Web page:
Hyderabad blues: will Cong's Telangana gamble pay off?
While the Cabinet has decided to give the green signal for Hyderabad to be the joint capital of both Andhra and Telangana, the political implications for the Congress will be significant.india Updated: Oct 04, 2013 22:45 IST
It may take a while in formalising but there is no going back on the creation of Telangana as far as the UPA government is concerned. While the Cabinet has decided to give the green signal for Hyderabad to be the joint capital of both Andhra and Telangana, the political implications for the Congress will be significant.
The banner of revolt has already been raised by chief minister Kiran Kumar Reddy who has been opposed to the bifurcation of the state. From being a relatively low key political person, the chief minister has gathered considerable support in the non-Telangana areas for standing up to the Centre.
At a time when the Congress is hoping that it can somehow woo the YSR Congress leader Jagan Mohan Reddy, he too has opposed a divided state. For at least the last two months, areas of Seemandhra and Rayalaseema have been virtually shut down thanks to ongoing protests.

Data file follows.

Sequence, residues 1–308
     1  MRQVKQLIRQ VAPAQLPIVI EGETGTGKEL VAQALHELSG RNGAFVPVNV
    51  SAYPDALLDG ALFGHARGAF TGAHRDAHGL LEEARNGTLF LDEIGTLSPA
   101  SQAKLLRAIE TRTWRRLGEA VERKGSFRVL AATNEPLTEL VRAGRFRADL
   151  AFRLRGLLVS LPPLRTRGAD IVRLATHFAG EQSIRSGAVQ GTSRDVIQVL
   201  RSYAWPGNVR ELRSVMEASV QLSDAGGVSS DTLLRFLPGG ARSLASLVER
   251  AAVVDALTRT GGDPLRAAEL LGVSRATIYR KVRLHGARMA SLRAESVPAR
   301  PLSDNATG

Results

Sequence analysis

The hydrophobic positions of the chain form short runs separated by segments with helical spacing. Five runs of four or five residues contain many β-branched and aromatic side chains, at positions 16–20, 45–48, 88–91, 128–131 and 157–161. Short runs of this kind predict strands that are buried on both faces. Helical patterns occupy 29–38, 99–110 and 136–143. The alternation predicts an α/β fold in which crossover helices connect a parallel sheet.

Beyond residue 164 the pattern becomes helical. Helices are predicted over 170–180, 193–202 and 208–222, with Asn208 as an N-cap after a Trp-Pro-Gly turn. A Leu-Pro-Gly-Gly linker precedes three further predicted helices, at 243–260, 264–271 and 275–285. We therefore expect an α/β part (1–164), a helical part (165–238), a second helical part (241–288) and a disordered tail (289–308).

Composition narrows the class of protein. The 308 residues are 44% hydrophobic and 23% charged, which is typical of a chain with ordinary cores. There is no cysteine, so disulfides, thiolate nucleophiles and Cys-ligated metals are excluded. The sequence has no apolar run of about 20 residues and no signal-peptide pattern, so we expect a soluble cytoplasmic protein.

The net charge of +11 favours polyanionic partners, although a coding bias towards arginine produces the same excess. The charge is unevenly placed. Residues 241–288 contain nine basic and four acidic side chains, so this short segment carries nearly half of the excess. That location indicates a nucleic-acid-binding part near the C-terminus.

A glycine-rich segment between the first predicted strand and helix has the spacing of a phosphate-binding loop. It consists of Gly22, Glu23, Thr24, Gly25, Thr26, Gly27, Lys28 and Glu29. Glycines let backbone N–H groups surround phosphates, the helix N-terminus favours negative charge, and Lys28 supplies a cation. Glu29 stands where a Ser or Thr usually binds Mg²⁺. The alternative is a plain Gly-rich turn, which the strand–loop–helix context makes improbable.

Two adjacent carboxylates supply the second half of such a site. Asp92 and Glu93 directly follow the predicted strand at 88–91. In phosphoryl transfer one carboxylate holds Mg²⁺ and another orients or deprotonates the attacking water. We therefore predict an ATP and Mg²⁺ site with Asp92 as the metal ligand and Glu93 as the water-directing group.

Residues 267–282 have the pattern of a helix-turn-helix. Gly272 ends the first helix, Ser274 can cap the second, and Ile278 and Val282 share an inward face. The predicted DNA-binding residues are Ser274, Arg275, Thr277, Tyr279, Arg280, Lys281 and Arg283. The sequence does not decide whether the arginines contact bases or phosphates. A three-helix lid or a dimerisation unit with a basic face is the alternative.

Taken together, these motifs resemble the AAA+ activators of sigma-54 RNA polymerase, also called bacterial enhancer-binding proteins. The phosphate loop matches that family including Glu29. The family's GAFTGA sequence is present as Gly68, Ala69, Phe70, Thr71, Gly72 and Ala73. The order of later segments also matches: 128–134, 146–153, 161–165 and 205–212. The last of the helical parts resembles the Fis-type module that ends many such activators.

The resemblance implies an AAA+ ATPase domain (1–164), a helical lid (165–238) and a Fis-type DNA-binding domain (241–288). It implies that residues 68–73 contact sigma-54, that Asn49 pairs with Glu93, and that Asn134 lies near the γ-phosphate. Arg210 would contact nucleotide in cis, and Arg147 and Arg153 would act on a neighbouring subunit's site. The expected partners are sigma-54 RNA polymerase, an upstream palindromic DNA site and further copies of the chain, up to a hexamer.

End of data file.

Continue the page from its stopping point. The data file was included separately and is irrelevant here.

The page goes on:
We no longer hear anything about the Justice Srikrishna Commission report that made some suggestions on the subject. One was, in fact, for Hyderabad to remain the capital of all the regions until Rayalaseema and Seemandhra developed their own capitals. Another was greater devolution of power to the Telangana region, something that is no longer feasible given where things stand today.
The other was for Hyderabad to have Union Territory status, a suggestion which the Telangana Rashtra Samithi leader Chandrashekhar Rao, who chops and changes his position with each day, did not agree to. The very rationale behind setting up the commission seems questionable today given that in hindsight it appears to have been a move more to buy time than to have resolved the issue speedily.
Much of this could have been avoided had the Centre gone about this issue step-by-step. Instead it allowed political compulsions in the form of possible alliances to dictate its moves.
It should either have outright refused to concede the bifurcation of the state or have insisted that it will go according to a proper blueprint. Now that the die is cast, all parties seem to be improvising along the way. This is bound to raise more problems than solutions.
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